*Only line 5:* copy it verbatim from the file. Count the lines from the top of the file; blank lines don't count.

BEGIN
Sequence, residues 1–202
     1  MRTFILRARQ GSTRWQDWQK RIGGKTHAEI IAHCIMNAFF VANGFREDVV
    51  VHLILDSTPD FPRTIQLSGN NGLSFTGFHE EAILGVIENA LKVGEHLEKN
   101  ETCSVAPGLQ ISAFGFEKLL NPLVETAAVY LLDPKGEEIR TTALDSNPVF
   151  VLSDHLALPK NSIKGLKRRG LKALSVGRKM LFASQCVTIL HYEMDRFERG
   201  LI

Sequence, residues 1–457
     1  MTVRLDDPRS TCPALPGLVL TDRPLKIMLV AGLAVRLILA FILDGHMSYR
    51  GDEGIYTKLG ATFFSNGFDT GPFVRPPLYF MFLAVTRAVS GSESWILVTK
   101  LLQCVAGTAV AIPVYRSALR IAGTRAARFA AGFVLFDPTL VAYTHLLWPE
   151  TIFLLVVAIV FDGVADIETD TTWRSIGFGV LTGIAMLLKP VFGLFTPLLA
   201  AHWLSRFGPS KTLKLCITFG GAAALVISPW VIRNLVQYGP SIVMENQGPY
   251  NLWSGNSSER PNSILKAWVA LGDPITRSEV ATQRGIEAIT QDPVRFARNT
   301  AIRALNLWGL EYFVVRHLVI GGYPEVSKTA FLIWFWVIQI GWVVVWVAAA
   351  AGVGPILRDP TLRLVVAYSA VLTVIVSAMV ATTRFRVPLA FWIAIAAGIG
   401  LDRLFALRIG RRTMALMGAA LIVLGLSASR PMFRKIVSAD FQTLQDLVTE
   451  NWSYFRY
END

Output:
   151  VLSDHLALPK NSIKGLKRRG LKALSVGRKM LFASQCVTIL HYEMDRFERG